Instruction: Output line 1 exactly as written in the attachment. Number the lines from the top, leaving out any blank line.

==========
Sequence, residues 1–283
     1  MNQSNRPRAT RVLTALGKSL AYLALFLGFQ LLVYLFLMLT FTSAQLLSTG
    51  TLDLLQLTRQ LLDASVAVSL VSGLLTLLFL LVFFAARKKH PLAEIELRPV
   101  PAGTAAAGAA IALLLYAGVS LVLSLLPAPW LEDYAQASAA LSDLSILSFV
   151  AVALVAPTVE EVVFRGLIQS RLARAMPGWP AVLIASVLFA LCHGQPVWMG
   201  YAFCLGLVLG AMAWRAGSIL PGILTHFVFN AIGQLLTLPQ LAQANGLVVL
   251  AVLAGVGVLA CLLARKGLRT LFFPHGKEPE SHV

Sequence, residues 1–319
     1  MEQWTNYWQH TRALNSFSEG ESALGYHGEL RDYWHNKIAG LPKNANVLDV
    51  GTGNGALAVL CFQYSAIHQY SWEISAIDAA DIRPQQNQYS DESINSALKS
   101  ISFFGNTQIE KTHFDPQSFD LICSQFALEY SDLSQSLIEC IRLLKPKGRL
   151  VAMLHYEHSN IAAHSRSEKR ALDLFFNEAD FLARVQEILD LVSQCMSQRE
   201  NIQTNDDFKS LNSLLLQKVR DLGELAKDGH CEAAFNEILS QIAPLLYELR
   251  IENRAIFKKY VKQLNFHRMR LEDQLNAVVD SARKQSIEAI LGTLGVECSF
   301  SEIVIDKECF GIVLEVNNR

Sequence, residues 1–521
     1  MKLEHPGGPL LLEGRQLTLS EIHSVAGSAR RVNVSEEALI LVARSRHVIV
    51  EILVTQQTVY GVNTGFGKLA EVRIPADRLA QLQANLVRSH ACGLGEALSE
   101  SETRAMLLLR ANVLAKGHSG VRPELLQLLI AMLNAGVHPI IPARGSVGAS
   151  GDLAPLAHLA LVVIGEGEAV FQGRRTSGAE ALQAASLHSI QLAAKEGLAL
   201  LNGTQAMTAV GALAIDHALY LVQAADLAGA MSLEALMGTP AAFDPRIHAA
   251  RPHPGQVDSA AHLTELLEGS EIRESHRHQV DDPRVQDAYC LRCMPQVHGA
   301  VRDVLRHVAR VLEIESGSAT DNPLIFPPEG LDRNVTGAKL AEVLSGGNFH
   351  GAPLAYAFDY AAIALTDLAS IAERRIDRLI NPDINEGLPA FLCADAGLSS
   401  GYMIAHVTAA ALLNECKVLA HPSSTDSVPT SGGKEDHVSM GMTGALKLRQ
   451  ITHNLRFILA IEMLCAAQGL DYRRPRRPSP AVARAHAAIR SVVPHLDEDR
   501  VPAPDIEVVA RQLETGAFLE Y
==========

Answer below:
Sequence, residues 1–283